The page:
March 2012
Volume 53, Issue 14
ARVO Annual Meeting Abstract  |   March 2012
Altered Fractalkine Homeostasis In Rd10 Degenerating Mouse Retina
Author Affiliations & Notes
  • Marina Zieger
    Neurophysiology and Neuropharmacology,
    Medical University of Vienna, Vienna, Austria
  • Christian Schubert
    Neurophysiology and Neuropharmacology,
    Medical University of Vienna, Vienna, Austria
  • Pavel Uhrin
    Vascular Biology and Thrombosis Research,
    Medical University of Vienna, Vienna, Austria
  • Peter K. Ahnelt
    Neurophysiology and Neuropharmacology,
    Medical University of Vienna, Vienna, Austria
  • Footnotes
    Commercial Relationships  Marina Zieger, None; Christian Schubert, None; Pavel Uhrin, None; Peter K. Ahnelt, None
  • Footnotes
    Support  Austrian Science Fund FWF I 433-B13
Investigative Ophthalmology & Visual Science March 2012, Vol.53, 6450. doi:
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      Marina Zieger, Christian Schubert, Pavel Uhrin, Peter K. Ahnelt; Altered Fractalkine Homeostasis In Rd10 Degenerating Mouse Retina. Invest. Ophthalmol. Vis. Sci. 2012;53(14):6450.

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      © ARVO (1962-2015); The Authors (2016-present)

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Purpose: : Recent studies suggest, the soluble form of fractalkine (FKN, a membrane-anchored chemokine) reduces the release of microglial pro-inflammatory cytokines and increases neutrophin production. Based on this evidence, we expected FKN cleavage to be affected in the retinal degenerations. In our studies we aim to compare in vivo levels and localization of FKN in a mouse model (rd10) of autosomal recessive retinitis pigmentosa and control C57BL/6J (wt) mouse retinas.

Methods: : Cryostat sections from fixed eyes sampled of age-matched rd10 and wt mice were used for immunohistochemistry (IHC). Western blot (WB) analyses were performed using corresponding neuroretina lysates. Rabbit polyclonal antibody to recombinant chemotactic domain of human FKN was used in both IHC and WB assay. Mouse anti-GAPDH antibody was used as a loading control.

Results: : FKN protein was detected in retinas of both rd10 and wt mice. At postnatal days 22, 30 and 45, from IHC staining of retinal sections, we observed expression of FKN in a subset of neurons, Mueller cells and in superficial blood vessels. Wt mice, however had additional weak and diffuse but specific FKN immunoreactivity. WB analysis of wt retinal lysates revealed numerous species of FKN in the lysates: (1) ~ 120 kDa and 100 kDa full-length membrane-anchored fragments ; (2) ~ 60 kDa and 50 kDa intracellular precursor forms, and (3) a low molecular weight fragment at ~ 35 kDa that corresponds to the cleaved soluble form. While the bands at 100 and 35 kDa were the most intense in wt, WB analysis of rd10 retinal lysates revealed a reduction in the level of the 120 kDa form, absence of the 100 kDa band and a faint 35 kDa fragment. No changes in the level of intracellular precursor forms (60 and 50 kDa) were detected indicating that protein was obtained from intact rd10 mouse retinal tissue. There were no sex-related differences.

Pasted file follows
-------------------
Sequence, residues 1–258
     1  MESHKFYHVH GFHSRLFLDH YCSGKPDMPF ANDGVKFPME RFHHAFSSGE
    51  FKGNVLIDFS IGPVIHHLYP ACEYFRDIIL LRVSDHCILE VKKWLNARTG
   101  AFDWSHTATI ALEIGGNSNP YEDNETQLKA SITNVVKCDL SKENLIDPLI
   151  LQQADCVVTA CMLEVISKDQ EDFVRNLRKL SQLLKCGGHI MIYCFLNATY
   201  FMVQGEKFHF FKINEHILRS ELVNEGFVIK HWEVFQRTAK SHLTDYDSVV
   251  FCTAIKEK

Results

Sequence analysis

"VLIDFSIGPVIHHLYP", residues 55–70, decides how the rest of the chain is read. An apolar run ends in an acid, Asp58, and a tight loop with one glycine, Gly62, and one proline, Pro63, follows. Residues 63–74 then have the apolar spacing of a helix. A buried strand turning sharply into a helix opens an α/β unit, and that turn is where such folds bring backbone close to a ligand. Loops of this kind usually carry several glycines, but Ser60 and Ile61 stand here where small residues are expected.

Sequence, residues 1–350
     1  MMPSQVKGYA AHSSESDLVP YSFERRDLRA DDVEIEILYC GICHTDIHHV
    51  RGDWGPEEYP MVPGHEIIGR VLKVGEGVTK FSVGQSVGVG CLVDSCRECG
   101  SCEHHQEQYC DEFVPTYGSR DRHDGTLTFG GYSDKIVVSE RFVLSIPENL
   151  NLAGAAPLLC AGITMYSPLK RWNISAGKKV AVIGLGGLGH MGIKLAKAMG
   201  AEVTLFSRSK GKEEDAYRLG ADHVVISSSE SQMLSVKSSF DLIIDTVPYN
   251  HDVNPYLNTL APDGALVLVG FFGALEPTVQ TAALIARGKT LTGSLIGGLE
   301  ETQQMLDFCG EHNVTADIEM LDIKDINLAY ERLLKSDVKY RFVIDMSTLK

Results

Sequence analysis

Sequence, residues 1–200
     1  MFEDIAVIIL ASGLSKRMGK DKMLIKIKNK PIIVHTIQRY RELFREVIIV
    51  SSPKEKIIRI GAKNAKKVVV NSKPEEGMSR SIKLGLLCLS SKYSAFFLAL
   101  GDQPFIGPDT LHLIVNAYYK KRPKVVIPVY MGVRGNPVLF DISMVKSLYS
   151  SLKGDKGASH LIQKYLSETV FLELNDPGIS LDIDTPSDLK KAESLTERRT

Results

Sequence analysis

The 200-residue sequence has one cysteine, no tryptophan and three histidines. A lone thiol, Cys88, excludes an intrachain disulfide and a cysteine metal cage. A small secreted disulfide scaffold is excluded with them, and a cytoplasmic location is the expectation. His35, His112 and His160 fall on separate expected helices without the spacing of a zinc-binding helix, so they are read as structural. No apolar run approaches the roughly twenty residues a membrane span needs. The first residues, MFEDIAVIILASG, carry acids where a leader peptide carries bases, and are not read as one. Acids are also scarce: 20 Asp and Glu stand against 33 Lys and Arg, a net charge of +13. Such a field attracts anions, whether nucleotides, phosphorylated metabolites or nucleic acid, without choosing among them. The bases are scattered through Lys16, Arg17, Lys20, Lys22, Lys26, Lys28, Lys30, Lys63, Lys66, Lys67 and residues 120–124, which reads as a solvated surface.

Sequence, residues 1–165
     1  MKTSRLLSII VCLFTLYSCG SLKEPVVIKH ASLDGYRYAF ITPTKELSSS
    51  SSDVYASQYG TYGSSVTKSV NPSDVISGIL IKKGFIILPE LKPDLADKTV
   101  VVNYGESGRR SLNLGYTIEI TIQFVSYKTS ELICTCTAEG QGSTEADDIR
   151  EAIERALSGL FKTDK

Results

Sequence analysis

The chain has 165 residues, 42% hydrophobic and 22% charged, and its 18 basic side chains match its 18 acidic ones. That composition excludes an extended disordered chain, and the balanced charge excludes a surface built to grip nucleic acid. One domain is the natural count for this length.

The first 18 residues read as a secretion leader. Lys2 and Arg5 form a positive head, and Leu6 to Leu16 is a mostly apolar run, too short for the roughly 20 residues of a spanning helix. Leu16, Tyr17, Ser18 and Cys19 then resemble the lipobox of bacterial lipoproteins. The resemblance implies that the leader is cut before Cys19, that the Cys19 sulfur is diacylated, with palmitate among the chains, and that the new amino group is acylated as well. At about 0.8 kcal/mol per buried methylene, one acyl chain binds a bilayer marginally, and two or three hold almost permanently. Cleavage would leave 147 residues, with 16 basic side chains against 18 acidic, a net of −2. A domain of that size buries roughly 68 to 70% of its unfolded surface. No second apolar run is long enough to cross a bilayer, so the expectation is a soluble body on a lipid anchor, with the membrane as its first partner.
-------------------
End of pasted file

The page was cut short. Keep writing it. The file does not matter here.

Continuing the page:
Conclusions: : Our observations are consistent with the findings showing both the stromal and parenchymal origin of fractalkine in the retina. The diffuse fractalkine signal in control mouse retinas may originate from immunoreactivity to the soluble form of the protein. The protein expression data indicate that fractalkine protein homeostasis is altered in the retina of rd10 mice by diminishing of the soluble FKN levels. We are currently generating a mouse model that will allow us to extend our knowledge on microglia-neuron interaction through FKN signalling axis.

Keywords: retinal degenerations: hereditary • cytokines/chemokines • microglia 

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